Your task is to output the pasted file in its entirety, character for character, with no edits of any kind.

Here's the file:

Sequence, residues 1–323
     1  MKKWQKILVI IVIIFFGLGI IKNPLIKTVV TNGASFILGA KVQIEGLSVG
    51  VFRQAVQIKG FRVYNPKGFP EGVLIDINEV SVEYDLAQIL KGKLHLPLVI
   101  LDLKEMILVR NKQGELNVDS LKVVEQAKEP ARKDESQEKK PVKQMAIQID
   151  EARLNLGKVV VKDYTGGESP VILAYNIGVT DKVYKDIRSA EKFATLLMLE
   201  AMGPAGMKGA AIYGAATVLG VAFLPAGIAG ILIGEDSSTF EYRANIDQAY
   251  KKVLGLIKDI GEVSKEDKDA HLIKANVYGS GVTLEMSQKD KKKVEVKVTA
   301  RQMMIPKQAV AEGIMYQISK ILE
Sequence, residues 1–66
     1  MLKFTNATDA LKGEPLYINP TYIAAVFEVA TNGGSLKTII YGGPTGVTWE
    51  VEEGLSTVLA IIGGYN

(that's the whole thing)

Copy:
Sequence, residues 1–323
     1  MKKWQKILVI IVIIFFGLGI IKNPLIKTVV TNGASFILGA KVQIEGLSVG
    51  VFRQAVQIKG FRVYNPKGFP EGVLIDINEV SVEYDLAQIL KGKLHLPLVI
   101  LDLKEMILVR NKQGELNVDS LKVVEQAKEP ARKDESQEKK PVKQMAIQID
   151  EARLNLGKVV VKDYTGGESP VILAYNIGVT DKVYKDIRSA EKFATLLMLE
   201  AMGPAGMKGA AIYGAATVLG VAFLPAGIAG ILIGEDSSTF EYRANIDQAY
   251  KKVLGLIKDI GEVSKEDKDA HLIKANVYGS GVTLEMSQKD KKKVEVKVTA
   301  RQMMIPKQAV AEGIMYQISK ILE
Sequence, residues 1–66
     1  MLKFTNATDA LKGEPLYINP TYIAAVFEVA TNGGSLKTII YGGPTGVTWE
    51  VEEGLSTVLA IIGGYN